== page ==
Do you NaNoWriMo?

National Novel Writing Month (NaNoWriMo) is just days away.

What is NaNoWriMo, you ask? NaNoWriMo is a yearly event in which writer’s set a goal to write an entire novel (or 50,000 words) in thirty days. I know, it seems insane. I think that every time I make the commitment to do it. But I keep signing up.

If you’re wondering if NaNoWriMo is for you–if you can really do it–the answer is yes.

There are still a few days left to prepare. I’ve found my best NaNoWriMo time is when I think about my novel beforehand. I do some research, plan my characters, locations and the general direction I want my novel to travel. I usually start with a loose outline that includes plot points and twists I want to follow. Depending on the amount of preparation time I have, my outline may be far more detailed, but all I need is a “roadmap” to keep me on track.

Some people prefer to use the “pantser” method (ie- fly by the seat of your pants, no outline, make it up as you go, write with the wind). I have “Pantsed” in the past, and while there is something exciting about working like that, I find it easier to keep track and progress in a linear fashion when I have an outline. I’ve also discovered it’s easier for me to revise (and there is a lot of revision to come after November!) when my initial writing had structure.

If you want to try NaNoWriMo the main things to keep in mind are:

  • Nobody judges. Its fun, its a challenge, its a supportive community of writers with a shared goal.
  • Don’t–I repeat, do not–edit your writing as you go. The goal is to get 50,000 words down. They don’t have to be pretty. They don’t even have to be spelled correctly. You’ll come back and make corrections later. You may spend months–or longer–revising this novel. Some people call this their “first draft”, some call it the “zero draft”. I prefer to use the Anne Lamott term “shitty first draft”. I even save my file as “.SFD”. To me, it’s the most basic way of owning and being okay with the horrible quality of this draft.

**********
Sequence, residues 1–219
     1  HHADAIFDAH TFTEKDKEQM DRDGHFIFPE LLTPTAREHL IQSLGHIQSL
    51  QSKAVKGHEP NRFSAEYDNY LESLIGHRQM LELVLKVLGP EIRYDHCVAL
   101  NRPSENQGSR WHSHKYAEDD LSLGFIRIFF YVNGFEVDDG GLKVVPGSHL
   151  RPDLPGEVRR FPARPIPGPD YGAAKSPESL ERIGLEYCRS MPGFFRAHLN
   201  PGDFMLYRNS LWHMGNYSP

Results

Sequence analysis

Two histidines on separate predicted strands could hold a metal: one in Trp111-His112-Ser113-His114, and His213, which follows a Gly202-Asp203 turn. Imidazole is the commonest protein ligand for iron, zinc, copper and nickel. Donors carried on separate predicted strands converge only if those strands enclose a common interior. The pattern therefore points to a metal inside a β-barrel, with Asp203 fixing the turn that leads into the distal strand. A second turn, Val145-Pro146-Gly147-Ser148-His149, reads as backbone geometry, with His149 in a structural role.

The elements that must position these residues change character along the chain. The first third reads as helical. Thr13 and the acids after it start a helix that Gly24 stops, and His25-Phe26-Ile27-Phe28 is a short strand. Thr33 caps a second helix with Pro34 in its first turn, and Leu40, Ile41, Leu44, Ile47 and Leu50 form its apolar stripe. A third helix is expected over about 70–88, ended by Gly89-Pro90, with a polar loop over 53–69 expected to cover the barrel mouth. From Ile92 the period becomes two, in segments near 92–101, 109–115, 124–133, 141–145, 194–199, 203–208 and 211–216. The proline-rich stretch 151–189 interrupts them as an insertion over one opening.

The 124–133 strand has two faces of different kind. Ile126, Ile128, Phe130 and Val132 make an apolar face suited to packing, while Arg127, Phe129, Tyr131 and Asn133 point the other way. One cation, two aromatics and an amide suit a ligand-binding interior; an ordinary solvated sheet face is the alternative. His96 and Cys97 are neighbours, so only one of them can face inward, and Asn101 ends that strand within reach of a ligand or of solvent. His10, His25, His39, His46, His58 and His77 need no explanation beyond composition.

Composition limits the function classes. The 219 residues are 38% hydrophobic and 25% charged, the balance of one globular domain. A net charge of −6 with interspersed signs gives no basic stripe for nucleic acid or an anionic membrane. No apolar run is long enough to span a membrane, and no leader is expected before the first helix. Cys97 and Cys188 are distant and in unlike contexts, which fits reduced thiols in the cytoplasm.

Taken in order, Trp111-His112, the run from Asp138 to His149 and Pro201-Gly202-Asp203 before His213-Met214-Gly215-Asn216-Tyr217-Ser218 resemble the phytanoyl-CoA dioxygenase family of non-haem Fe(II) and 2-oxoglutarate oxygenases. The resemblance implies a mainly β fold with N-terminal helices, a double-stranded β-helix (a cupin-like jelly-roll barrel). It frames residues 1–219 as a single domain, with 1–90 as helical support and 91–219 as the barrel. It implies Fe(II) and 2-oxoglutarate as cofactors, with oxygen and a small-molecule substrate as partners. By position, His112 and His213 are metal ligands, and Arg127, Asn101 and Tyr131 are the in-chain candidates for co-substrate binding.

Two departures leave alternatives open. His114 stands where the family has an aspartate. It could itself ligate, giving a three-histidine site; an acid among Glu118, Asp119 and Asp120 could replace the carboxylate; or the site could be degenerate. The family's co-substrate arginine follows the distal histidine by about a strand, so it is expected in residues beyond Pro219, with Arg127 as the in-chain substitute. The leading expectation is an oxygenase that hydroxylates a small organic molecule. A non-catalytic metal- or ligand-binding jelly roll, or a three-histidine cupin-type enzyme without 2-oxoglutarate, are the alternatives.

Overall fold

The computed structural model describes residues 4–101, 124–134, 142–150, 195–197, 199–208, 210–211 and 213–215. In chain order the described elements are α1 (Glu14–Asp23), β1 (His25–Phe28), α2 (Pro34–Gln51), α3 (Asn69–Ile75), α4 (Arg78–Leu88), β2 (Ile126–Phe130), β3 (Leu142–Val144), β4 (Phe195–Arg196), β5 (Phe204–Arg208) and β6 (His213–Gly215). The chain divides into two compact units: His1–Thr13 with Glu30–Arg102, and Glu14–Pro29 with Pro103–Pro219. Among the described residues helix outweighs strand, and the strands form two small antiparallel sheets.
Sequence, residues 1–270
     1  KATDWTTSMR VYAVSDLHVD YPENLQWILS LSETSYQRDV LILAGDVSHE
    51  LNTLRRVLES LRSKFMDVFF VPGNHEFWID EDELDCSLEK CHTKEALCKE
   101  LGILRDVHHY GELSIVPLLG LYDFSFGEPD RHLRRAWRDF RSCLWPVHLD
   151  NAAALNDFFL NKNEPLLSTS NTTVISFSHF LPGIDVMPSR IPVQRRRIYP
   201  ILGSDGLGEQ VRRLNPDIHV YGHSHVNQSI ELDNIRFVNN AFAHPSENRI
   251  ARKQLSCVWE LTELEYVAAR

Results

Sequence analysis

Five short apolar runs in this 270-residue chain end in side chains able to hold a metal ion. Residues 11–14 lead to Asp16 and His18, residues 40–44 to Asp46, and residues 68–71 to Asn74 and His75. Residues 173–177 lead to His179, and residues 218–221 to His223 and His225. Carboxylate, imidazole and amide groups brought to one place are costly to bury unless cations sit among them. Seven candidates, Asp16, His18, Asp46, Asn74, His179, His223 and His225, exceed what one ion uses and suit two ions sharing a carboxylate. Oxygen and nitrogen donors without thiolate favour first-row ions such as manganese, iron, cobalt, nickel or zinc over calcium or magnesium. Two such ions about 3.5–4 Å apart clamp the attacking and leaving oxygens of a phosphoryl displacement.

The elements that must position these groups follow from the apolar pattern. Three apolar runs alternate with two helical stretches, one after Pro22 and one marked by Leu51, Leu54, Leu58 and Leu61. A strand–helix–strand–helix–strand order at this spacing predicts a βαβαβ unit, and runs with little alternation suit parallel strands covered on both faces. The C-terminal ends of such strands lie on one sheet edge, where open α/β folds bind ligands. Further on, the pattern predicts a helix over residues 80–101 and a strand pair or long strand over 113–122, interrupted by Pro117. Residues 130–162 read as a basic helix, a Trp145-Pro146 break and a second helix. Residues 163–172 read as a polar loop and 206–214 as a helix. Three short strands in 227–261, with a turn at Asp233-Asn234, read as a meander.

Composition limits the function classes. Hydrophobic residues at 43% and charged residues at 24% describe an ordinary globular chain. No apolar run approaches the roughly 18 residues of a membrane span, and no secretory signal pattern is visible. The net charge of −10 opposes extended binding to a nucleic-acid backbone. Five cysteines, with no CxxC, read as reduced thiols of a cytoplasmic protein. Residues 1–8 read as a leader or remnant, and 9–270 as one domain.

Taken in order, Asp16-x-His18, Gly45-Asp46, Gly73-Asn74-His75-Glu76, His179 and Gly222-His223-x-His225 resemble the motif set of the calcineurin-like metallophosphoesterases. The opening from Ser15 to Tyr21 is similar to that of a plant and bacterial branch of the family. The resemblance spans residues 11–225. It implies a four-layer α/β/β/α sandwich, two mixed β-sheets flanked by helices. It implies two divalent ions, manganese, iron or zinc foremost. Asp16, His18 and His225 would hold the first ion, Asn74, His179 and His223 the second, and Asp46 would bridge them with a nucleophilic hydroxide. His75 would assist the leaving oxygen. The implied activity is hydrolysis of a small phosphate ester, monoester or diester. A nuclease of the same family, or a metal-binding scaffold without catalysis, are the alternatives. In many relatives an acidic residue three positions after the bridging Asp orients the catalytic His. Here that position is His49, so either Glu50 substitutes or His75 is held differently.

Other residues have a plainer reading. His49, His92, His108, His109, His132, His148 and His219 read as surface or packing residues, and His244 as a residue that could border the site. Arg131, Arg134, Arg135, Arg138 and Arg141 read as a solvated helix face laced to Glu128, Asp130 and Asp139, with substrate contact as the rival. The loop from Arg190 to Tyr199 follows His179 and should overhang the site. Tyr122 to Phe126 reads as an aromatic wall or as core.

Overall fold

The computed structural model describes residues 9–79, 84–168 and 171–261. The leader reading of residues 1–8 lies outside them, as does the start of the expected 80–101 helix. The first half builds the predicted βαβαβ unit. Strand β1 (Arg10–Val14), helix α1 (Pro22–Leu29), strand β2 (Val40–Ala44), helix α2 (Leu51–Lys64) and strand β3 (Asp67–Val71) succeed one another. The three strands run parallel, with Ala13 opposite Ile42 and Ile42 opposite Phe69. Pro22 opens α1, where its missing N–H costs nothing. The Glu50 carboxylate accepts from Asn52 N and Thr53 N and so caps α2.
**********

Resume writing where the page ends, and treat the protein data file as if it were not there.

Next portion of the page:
• What’s most important is that at the end of the month you’ll have a completed (or nearly complete) first draft of a novel. Even if you don’t quite make it to 50,000 you’ll have a good start on a novel.
  • Save research for the revision phase. As soon as you go online to research something you’re going to get sucked into a vortex of lost time. Enter a place mark/reminder within the text, for example “Moss draped from the [find out what kind of] trees…”. (as a bonus…all those place mark words help reach the goal!).
  • Enlist your family to help you meet your goal. It’s one month. Meals can be easy, the house can be cluttered, the kids can watch movies or play video games and your spouse can freely watch whatever they want (for my husband it’s a month of all the sports he can watch!).

Most important is to keep in mind that this goal can be reached. On December 1 you’ll look back and realize what an amazing thing it is to have written an entire book in one month. And you never know where that book will take you. There are a number of best-selling novels that started as a NaNoWriMo project. My own 2015 NaNoWriMo project was A Shine That Defies the Dark, which is being released on 12/5/17.

For more information on National Novel Writing Month check out the NaNoWriMo website and, if you want to “buddy” up, look for me there.

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NaNoWriMo Day 30: Survival Tip of the Day

Like many of my friends and acquaintances, you might be in the midst of the sheer madness that is National Novel Writing Month (NaNoWriMo).  The goal: to write a book (yes, sir, that’s right a whole book) in (gasp) 30 days!